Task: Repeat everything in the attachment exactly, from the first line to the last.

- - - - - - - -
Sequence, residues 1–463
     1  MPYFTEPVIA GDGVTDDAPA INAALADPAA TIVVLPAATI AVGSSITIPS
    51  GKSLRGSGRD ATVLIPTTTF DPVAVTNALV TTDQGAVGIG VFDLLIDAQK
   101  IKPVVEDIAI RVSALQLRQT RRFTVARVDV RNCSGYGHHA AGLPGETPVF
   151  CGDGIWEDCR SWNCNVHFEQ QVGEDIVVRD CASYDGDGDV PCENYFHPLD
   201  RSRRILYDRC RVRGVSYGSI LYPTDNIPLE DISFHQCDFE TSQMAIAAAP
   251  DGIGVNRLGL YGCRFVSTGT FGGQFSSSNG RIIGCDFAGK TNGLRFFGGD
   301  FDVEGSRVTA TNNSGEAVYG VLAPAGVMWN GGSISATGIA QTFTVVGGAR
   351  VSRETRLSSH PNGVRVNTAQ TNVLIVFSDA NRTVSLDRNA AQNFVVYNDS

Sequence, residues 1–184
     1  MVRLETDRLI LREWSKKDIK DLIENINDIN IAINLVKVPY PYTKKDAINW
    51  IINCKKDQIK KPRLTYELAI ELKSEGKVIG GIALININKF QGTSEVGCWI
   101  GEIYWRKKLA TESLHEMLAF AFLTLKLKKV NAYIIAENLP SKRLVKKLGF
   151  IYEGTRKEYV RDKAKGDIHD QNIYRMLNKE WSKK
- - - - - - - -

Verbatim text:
Sequence, residues 1–463
     1  MPYFTEPVIA GDGVTDDAPA INAALADPAA TIVVLPAATI AVGSSITIPS
    51  GKSLRGSGRD ATVLIPTTTF DPVAVTNALV TTDQGAVGIG VFDLLIDAQK
   101  IKPVVEDIAI RVSALQLRQT RRFTVARVDV RNCSGYGHHA AGLPGETPVF
   151  CGDGIWEDCR SWNCNVHFEQ QVGEDIVVRD CASYDGDGDV PCENYFHPLD
   201  RSRRILYDRC RVRGVSYGSI LYPTDNIPLE DISFHQCDFE TSQMAIAAAP
   251  DGIGVNRLGL YGCRFVSTGT FGGQFSSSNG RIIGCDFAGK TNGLRFFGGD
   301  FDVEGSRVTA TNNSGEAVYG VLAPAGVMWN GGSISATGIA QTFTVVGGAR
   351  VSRETRLSSH PNGVRVNTAQ TNVLIVFSDA NRTVSLDRNA AQNFVVYNDS

Sequence, residues 1–184
     1  MVRLETDRLI LREWSKKDIK DLIENINDIN IAINLVKVPY PYTKKDAINW
    51  IINCKKDQIK KPRLTYELAI ELKSEGKVIG GIALININKF QGTSEVGCWI
   101  GEIYWRKKLA TESLHEMLAF AFLTLKLKKV NAYIIAENLP SKRLVKKLGF
   151  IYEGTRKEYV RDKAKGDIHD QNIYRMLNKE WSKK